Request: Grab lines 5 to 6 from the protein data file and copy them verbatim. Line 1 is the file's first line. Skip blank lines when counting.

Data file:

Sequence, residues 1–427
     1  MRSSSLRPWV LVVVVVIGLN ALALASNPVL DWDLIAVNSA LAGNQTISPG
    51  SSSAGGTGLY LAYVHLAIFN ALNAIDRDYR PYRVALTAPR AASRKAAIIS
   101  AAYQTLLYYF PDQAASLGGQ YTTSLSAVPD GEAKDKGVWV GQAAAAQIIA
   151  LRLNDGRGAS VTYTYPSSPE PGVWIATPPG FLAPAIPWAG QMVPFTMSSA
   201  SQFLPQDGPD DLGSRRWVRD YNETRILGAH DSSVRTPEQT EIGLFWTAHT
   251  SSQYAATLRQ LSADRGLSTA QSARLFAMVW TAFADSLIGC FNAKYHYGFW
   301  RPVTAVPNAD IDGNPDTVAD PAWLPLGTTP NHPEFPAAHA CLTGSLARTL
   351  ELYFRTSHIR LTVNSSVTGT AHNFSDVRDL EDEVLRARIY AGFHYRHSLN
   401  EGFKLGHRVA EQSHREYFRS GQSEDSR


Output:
   151  LRLNDGRGAS VTYTYPSSPE PGVWIATPPG FLAPAIPWAG QMVPFTMSSA
   201  SQFLPQDGPD DLGSRRWVRD YNETRILGAH DSSVRTPEQT EIGLFWTAHT